Skip to main content
main-content
Top

04-08-2020 | Diabetes | News | Article

Factory-calibrated CGM may assist glucose control for young adults with type 1 diabetes

Author:
Eleanor McDermid

medwireNews: The Dexcom G6 continuous glucose monitoring (CGM) system may be a good option to help young adults with type 1 diabetes control their blood glucose, show the results of the MILLENNIAL trial.

The G6 is the first Dexcom CGM version that does not require user calibration, so fingerstick measurements are needed only if there is reason to doubt the accuracy of the CGM reading.

“The reduced daily burden of using factory-calibrated CGM […] may have been a contributory factor associated with the greater satisfaction and openness reported in this study, as well as reduced daily hassle associated with the device,” write Hood Thabit (Manchester Royal Infirmary, UK) and study co-authors in Diabetes Care.

The 30 participants, who were aged an average of 21.2 years, used the G6 system for a median 84.0% (interquartile range 62.6–94.0%) of the 8-week active study period. The researchers say this amount of use is markedly higher than that seen in some other studies, and may also reflect the convenience of the participants being able to use a smartphone app, so they had no need to carry an additional device.

“Device burden is known to be associated with discontinuation of CGM use in this cohort,” they say.

However, the team notes that their study was limited by its relatively short duration. A recent study in the same age group reported that initially high CGM use (over the first 28 days) reduced markedly by 26 weeks, reducing the impact of CGM on glycemic outcomes. On the other hand, participants in that study used the older Dexcom G5 system, which requires two daily fingerstick tests for calibration.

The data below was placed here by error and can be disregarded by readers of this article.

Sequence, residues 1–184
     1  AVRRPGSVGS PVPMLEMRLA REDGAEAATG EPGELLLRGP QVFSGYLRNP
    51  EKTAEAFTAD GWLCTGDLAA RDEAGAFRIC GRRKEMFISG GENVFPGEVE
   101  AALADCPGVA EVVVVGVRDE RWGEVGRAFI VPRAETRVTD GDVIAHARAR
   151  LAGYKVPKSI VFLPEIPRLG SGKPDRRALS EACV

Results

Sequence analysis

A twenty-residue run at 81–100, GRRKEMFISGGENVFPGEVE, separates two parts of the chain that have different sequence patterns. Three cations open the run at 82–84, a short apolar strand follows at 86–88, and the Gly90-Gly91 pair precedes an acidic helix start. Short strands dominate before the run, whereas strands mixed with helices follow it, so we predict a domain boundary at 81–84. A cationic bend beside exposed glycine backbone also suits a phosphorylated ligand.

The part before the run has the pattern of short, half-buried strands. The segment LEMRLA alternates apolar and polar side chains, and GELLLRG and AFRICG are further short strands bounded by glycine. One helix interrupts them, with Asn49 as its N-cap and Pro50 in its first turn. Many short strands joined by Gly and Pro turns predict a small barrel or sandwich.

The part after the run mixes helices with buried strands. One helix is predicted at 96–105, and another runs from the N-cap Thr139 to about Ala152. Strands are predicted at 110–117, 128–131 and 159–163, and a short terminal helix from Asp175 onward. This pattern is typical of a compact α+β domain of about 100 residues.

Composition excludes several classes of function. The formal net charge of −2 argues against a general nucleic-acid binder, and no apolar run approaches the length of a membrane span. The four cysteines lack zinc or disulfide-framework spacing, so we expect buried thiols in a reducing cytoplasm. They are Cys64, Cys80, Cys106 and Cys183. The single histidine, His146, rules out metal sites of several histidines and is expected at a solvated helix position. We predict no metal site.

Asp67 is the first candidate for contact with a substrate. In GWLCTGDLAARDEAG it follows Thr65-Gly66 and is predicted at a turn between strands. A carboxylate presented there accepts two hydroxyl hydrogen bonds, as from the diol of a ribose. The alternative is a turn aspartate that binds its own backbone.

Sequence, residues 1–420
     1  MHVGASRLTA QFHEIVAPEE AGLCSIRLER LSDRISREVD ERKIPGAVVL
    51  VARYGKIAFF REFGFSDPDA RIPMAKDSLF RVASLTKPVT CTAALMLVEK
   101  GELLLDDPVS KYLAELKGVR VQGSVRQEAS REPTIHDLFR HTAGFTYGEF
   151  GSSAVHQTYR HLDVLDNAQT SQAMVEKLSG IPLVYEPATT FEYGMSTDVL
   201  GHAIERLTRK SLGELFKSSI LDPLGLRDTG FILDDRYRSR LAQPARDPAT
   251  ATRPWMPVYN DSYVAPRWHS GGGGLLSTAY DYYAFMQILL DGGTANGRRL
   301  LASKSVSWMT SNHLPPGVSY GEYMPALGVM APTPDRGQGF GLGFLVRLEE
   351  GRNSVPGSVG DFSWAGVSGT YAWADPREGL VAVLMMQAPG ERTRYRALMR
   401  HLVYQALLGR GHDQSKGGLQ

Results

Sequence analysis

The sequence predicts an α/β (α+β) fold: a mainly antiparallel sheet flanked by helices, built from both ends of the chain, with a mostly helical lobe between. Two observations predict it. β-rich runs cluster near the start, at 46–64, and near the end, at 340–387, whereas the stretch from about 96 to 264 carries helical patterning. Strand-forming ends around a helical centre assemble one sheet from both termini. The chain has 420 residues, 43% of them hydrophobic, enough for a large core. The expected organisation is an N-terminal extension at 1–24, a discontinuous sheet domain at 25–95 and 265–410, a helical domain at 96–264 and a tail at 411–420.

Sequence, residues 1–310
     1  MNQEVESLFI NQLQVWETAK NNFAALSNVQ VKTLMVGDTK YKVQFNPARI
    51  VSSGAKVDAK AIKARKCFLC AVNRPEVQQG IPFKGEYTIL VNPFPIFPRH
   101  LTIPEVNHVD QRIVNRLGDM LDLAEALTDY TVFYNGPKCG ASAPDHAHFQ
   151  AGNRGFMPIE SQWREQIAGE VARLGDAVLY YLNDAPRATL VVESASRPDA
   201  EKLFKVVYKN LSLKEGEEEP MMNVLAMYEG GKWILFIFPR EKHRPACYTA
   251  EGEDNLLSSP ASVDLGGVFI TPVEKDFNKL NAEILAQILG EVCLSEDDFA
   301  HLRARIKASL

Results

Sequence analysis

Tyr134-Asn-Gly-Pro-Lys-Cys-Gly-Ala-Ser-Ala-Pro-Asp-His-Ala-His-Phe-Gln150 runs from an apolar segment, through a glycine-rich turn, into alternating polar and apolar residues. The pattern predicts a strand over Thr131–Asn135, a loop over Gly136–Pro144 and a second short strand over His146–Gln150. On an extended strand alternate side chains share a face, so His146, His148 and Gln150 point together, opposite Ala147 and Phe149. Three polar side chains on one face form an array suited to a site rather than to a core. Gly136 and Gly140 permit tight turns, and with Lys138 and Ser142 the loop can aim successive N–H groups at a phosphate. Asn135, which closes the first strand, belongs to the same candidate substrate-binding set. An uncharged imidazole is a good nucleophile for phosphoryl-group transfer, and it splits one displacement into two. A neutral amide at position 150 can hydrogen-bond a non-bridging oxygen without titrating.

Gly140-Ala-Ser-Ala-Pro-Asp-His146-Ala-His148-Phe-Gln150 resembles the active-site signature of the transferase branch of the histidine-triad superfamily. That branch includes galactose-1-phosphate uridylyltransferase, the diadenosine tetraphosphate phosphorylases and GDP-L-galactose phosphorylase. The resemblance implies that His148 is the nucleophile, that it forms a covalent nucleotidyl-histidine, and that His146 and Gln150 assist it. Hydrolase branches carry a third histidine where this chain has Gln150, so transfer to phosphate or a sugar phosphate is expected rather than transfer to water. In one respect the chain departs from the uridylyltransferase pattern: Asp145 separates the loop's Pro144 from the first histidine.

The current study’s primary outcome was time in blood glucose range 70–180 mg/dL (3.9–10.0 mmol/L). The participants remained within this range for 35.7% of the time while using CGM and for 24.6% (measured by blinded CGM) during 8 weeks of using self-monitored blood glucose. The two phases occurred in a randomly assigned order with a 3- to 4-week washout between, and the 11.1% absolute difference between the two phases was statistically significant.

The difference was accounted for by a large (11.9%) difference in the time spent above 180 mg/dL. The study participants spent only a very small amount of time below 70 mg/dL, and this did not significantly differ between the phases, at 1.45% and 0.58% for the CGM and self-monitored phases, respectively.

Baseline glycated hemoglobin (HbA1c) was 9.3% (78.4 mmol/mol) on average. During the CGM phase it fell by 0.53% (5.9 mmol/mol), whereas it increased by 0.24% (2.6 mmol/mol) during the self-monitored blood glucose phase, giving a significant 0.76% (8.5 mmol/mol) difference between the phases.

“Although the time in target achieved by CGM in our study was relatively low compared with that reported by others, the reduction in HbA1c achieved is nevertheless clinically meaningful in this young population in the reduction of the risk of future complications,” say Thabit and team.

medwireNews is an independent medical news service provided by Springer Healthcare. © 2020 Springer Healthcare part of the Springer Nature Group

Diabetes Care 2020; doi:10.2337/dc20-0736

See the research in context now

with trial summaries, expert opinion and congress coverage

Image Credits